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  1. The constant-time discipline is a software-based countermeasure used for protecting high assurance cryptographic implementations against timing side-channel attacks. Constant-time is effective (it protects against many known attacks), rigorous (it can be formalized using program semantics), and amenable to automated verification. Yet, the advent of micro-architectural attacks makes constant-time as it exists today far less useful. This paper lays foundations for constant-time programming in the presence of speculative and out-of-order execution. We present an operational semantics and a formal definition of constant-time programs in this extended setting. Our semantics eschews formalization of microarchitectural features (that are instead assumed under adversary control), and yields a notion of constant-time that retains the elegance and tractability of the usual notion. We demonstrate the relevance of our semantics in two ways: First, by contrasting existing Spectre-like attacks with our definition of constant-time. Second, by implementing a static analysis tool, Pitchfork, which detects violations of our extended constant-time property in real world cryptographic libraries.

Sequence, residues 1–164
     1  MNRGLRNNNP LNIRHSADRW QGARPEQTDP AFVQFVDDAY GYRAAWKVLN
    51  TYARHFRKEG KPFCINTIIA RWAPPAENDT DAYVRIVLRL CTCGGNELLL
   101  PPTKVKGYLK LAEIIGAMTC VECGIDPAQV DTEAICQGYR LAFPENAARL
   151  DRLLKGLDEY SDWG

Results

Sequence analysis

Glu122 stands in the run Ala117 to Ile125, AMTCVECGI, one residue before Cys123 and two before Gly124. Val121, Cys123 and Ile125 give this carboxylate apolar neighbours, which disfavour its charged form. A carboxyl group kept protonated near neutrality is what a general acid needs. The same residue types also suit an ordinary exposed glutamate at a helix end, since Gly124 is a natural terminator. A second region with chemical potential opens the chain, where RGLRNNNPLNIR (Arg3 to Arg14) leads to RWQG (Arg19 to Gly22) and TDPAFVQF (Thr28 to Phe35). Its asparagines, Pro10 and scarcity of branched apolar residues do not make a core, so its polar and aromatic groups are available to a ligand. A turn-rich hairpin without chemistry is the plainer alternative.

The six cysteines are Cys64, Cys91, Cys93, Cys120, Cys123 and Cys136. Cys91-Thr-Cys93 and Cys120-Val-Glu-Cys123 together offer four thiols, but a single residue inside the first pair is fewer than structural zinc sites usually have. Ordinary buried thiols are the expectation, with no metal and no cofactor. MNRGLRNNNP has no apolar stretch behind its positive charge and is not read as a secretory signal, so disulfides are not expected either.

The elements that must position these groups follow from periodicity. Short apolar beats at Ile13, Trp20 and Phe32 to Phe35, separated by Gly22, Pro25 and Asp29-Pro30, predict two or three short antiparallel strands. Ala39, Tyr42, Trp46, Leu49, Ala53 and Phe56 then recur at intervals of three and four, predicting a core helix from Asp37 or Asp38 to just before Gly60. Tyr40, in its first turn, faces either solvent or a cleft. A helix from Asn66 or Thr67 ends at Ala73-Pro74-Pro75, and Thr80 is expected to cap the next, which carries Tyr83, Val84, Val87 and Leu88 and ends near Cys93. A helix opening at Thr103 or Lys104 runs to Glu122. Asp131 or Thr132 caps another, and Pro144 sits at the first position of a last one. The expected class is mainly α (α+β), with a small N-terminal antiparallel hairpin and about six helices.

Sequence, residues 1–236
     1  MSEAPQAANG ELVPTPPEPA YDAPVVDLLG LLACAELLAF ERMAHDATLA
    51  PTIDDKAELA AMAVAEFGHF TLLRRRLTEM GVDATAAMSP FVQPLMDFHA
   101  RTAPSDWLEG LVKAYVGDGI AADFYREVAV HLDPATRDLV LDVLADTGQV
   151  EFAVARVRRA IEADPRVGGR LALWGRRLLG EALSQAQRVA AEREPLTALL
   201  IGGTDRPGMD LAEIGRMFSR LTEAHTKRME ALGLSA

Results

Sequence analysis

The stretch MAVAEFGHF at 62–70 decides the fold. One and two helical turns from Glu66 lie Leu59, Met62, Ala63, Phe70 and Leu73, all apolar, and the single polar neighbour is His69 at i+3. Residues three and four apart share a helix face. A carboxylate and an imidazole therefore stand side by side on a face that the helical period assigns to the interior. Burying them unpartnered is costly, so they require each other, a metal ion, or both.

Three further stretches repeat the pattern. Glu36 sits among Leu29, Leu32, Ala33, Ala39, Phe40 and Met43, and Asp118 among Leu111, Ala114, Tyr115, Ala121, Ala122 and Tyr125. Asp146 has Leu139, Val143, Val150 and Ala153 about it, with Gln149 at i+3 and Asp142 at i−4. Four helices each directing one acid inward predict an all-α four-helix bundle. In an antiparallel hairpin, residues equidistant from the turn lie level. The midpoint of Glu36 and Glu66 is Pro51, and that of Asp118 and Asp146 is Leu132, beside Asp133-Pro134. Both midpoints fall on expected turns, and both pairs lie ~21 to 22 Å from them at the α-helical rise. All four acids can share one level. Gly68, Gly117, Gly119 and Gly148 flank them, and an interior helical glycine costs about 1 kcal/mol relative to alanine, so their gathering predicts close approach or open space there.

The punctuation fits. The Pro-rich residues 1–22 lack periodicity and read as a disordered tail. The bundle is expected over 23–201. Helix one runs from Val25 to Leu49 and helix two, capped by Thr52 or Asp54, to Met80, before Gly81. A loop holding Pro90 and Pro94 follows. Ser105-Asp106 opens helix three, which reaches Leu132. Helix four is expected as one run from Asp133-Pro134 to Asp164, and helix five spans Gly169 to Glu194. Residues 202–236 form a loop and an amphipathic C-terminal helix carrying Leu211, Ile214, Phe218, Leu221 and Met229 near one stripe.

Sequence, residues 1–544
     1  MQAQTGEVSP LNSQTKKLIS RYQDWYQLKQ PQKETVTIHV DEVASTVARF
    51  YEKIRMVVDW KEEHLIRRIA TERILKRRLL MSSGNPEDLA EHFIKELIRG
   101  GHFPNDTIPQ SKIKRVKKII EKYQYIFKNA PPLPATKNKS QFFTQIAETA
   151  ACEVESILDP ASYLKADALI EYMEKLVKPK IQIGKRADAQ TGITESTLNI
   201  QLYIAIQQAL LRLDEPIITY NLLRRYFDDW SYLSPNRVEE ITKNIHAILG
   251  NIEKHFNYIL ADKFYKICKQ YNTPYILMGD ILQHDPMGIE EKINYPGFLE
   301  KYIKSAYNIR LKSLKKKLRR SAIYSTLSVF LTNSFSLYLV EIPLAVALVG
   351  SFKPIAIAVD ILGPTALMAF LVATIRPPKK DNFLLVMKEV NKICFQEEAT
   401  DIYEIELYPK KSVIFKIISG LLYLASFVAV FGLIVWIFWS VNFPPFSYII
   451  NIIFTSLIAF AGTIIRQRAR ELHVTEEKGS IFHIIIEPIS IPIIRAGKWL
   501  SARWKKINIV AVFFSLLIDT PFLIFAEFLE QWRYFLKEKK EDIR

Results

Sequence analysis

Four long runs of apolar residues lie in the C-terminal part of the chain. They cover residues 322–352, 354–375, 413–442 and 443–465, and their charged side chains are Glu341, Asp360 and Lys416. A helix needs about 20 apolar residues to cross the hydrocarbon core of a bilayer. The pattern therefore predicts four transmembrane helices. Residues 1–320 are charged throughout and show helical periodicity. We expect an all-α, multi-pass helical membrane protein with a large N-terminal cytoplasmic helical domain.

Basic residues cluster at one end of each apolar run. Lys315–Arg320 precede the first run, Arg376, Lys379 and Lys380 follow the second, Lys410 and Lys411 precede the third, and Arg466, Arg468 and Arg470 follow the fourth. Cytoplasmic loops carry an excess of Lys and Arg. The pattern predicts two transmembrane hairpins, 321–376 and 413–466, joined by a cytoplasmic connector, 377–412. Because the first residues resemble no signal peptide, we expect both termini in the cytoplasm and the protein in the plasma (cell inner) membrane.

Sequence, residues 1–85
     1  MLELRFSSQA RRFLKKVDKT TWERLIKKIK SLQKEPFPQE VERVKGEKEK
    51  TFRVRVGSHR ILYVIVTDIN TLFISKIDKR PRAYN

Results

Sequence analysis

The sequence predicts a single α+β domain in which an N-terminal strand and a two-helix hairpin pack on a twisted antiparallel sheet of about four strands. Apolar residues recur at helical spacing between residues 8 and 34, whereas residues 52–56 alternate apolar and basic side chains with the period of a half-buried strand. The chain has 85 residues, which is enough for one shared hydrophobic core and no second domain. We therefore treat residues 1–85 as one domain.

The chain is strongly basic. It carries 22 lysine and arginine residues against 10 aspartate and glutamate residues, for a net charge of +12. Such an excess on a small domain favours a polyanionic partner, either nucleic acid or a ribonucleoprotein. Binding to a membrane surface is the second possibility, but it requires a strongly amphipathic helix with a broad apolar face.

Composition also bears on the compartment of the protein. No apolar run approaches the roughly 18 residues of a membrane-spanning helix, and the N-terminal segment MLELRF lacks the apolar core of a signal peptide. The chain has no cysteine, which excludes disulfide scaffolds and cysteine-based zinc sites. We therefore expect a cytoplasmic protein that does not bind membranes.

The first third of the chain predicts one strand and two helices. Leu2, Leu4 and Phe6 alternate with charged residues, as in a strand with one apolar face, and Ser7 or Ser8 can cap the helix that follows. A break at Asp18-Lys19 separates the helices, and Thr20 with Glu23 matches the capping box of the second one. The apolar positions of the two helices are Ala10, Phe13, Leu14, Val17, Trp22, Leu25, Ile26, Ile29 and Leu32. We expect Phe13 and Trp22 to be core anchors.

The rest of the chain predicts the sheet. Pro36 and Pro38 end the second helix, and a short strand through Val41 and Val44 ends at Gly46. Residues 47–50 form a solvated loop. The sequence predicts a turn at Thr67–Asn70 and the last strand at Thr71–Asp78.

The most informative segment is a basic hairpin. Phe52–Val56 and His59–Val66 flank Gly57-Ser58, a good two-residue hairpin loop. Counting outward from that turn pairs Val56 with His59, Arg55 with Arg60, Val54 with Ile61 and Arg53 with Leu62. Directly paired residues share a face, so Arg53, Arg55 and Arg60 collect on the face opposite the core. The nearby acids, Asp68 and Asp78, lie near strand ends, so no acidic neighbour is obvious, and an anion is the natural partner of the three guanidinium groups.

2. This work provides a study to demonstrate the potential of using off-the-shelf programming languages and their theories to build sound language-based-security tools. Our study focuses on information flow security encompassing declassification policies that allow us to express flexible security policies needed for practical requirements. We translate security policies, with declassification, into an interface for which an unmodified standard typechecker can be applied to a source program---if the program typechecks, it provably satisfies the policy. Our proof reduces security soundness---with declassification---to the mathematical foundation of data abstraction, Reynolds' abstraction theorem.